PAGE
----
Mostly I use a 2x3 gridded softbox, and that's certainly the most useful, but sometimes an umbrella, or even one small gridded reflector. I go through lighting phases, and for a while now I've been using a very high key light, which started when I had several subjects in a row with glasses, and liked the resulting mood. The more I work with the reflector the more I like it. I've learned that just as with fill lights, there are several ways to use reflectors, and I'm starting to think about expanding my reflector collection. Using a reflector helps me not overlight, and I think the results are more natural.

For focus, I have active people settle into a comfortable old oak office chair with arms so they don't move around. For the calmer ones I have a small adjustable-height table that they can lean against, and that keeps them from wobbling around. I have only 300WS strobes now, but have been considering getting one big one so I can stop down a bit. I'm going to try a bare reflector, closer, first to see if I can pick up a couple of stops that way.

The biggest problem I have is with composition. I don't feel comfortable composing upside down. My personal style of framing depends heavily on balance, and I can't sense that well in such darkness and wrong way up, worse with 8x10. On 8x10 I find myself rarely filling the frame, to the extent that I'm considering falling back to 5x7 all the time. In 35mm I never crop, so I'm irritated by my inability to do this in 8x10. To compose, I have to flip the image in my mind and look at it subjectively in my imagination, which is not my style, intentionally considering things such as is the subject looking into the picture or out. These are things I would naturally sense when right side up. I suppose I will get better at it with practice.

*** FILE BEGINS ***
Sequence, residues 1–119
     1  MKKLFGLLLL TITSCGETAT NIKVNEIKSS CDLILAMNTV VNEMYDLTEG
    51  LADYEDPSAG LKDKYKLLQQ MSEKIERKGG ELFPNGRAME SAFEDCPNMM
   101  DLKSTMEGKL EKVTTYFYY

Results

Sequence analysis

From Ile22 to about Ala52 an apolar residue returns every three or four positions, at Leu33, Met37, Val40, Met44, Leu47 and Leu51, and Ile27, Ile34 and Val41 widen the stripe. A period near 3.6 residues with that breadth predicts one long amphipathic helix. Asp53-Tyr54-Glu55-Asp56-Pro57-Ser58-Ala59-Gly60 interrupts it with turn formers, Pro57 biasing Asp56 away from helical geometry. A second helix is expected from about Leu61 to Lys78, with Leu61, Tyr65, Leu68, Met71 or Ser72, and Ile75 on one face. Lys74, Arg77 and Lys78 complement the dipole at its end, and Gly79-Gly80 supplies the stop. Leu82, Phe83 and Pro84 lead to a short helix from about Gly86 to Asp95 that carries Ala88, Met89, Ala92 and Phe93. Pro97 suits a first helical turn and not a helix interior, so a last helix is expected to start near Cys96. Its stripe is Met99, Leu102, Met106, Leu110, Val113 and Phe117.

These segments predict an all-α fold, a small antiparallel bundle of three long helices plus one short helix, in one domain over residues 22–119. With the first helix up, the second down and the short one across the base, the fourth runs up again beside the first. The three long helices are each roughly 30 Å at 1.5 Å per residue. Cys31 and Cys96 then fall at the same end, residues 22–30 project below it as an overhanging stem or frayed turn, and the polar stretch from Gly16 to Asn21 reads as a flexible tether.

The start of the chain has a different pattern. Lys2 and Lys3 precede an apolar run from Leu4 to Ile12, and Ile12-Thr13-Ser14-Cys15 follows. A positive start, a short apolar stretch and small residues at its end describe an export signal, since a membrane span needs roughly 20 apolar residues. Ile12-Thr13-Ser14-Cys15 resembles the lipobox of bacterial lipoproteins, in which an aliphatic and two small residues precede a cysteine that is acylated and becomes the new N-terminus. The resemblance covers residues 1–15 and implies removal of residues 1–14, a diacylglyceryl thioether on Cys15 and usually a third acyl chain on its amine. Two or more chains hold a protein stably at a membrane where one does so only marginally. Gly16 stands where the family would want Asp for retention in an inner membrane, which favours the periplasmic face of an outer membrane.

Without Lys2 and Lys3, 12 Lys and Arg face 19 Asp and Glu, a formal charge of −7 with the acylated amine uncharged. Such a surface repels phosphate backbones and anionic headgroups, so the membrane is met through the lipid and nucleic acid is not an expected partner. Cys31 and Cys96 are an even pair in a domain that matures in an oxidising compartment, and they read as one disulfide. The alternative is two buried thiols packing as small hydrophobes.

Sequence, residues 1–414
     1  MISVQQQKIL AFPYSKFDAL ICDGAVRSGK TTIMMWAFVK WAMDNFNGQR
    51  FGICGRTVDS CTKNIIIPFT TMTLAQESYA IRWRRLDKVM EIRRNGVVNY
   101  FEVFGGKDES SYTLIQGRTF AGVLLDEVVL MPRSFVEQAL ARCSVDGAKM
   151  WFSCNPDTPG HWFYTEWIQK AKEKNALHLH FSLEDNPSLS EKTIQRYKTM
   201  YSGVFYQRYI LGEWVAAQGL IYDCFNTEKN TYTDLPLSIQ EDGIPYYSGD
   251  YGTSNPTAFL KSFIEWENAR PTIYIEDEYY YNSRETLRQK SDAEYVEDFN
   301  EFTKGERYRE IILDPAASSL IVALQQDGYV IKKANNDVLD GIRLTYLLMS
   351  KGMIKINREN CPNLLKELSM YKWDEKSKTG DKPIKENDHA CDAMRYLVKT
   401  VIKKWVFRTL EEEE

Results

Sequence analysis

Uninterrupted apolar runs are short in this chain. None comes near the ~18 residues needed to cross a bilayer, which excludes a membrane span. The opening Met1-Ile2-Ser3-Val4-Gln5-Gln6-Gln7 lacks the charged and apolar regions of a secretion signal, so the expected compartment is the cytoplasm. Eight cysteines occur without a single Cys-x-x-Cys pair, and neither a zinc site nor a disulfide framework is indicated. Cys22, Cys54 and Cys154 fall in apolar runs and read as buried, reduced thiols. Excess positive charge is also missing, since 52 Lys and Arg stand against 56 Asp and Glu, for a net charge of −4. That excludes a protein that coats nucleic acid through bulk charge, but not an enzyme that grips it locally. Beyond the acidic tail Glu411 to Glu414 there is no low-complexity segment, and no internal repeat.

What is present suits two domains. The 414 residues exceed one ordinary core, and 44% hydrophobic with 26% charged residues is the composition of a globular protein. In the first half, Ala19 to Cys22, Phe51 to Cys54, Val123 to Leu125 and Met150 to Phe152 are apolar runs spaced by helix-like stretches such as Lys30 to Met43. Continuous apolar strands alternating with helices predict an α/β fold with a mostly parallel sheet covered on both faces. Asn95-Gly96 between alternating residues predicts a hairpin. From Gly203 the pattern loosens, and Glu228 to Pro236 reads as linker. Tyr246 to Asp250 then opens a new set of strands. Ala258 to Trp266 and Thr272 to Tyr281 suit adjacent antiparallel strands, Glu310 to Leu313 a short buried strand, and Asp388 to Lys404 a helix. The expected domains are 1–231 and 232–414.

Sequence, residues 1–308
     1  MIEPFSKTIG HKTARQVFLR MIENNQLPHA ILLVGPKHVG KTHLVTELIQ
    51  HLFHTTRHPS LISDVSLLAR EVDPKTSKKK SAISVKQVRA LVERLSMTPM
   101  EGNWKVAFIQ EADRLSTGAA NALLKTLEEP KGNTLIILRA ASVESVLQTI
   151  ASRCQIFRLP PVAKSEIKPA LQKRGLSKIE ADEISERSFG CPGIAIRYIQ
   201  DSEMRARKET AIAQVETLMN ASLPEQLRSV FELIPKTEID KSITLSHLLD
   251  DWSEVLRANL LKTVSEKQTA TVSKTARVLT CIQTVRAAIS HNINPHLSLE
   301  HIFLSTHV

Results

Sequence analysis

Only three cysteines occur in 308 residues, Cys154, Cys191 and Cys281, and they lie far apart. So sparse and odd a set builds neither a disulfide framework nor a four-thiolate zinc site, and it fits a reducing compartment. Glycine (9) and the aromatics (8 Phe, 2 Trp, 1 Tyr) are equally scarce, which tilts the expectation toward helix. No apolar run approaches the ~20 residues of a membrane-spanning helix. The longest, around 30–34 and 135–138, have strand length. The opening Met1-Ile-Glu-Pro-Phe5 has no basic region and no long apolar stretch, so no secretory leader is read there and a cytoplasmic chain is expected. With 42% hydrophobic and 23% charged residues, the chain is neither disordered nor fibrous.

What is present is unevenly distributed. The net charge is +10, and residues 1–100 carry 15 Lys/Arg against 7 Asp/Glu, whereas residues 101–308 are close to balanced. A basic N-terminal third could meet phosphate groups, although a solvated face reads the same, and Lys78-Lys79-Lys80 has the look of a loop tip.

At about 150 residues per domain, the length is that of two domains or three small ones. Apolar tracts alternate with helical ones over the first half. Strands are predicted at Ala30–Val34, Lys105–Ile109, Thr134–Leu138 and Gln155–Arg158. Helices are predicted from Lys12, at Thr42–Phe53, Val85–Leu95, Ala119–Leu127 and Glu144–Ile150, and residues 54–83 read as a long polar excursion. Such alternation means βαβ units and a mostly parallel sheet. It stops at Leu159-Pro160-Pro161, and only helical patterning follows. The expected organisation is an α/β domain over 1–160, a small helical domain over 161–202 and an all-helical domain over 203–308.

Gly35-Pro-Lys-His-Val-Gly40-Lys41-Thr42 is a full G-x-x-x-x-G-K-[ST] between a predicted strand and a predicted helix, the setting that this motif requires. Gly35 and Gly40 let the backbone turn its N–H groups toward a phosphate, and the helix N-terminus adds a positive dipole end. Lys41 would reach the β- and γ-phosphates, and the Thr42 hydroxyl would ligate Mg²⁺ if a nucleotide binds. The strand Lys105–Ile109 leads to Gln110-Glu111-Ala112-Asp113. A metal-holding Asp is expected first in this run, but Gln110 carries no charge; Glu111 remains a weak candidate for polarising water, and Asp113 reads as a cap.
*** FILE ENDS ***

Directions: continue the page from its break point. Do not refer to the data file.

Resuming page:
This is done with a gridded soft box, feathered towards the reflector so strongly that the subject asked if I knew that the light wasn't pointed at him:


https://farm2.staticflickr.com/1468/26177694432_1b986a78bd_c.jpg (https://flic.kr/p/FTewxb)

Larry N (https://flic.kr/p/FTewxb)
by Michael Darnton (https://www.flickr.com/photos/michaeldarnton/), on Flickr

Peter De Smidt
8-Apr-2016, 06:39
Thanks for the write-up, Michael.